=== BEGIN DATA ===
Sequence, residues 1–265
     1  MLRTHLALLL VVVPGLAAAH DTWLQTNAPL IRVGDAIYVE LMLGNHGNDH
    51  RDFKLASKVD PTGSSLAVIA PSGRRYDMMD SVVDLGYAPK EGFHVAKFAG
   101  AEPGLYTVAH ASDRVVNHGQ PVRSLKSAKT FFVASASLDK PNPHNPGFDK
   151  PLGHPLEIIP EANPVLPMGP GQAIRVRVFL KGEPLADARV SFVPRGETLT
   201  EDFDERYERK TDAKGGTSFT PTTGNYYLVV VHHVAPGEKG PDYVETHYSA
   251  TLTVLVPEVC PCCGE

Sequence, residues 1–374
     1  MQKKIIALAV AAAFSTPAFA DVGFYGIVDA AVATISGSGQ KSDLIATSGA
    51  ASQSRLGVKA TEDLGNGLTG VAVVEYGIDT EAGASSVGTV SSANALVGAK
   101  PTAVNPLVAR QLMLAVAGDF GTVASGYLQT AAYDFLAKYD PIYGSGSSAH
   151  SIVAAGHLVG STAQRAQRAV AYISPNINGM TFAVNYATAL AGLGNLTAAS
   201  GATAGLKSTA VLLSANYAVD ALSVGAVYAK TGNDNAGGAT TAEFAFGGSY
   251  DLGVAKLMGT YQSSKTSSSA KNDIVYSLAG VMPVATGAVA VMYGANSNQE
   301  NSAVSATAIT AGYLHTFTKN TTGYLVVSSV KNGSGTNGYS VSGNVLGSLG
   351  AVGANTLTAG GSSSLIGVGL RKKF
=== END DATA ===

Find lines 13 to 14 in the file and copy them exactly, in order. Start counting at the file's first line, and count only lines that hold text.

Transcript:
   201  GATAGLKSTA VLLSANYAVD ALSVGAVYAK TGNDNAGGAT TAEFAFGGSY
   251  DLGVAKLMGT YQSSKTSSSA KNDIVYSLAG VMPVATGAVA VMYGANSNQE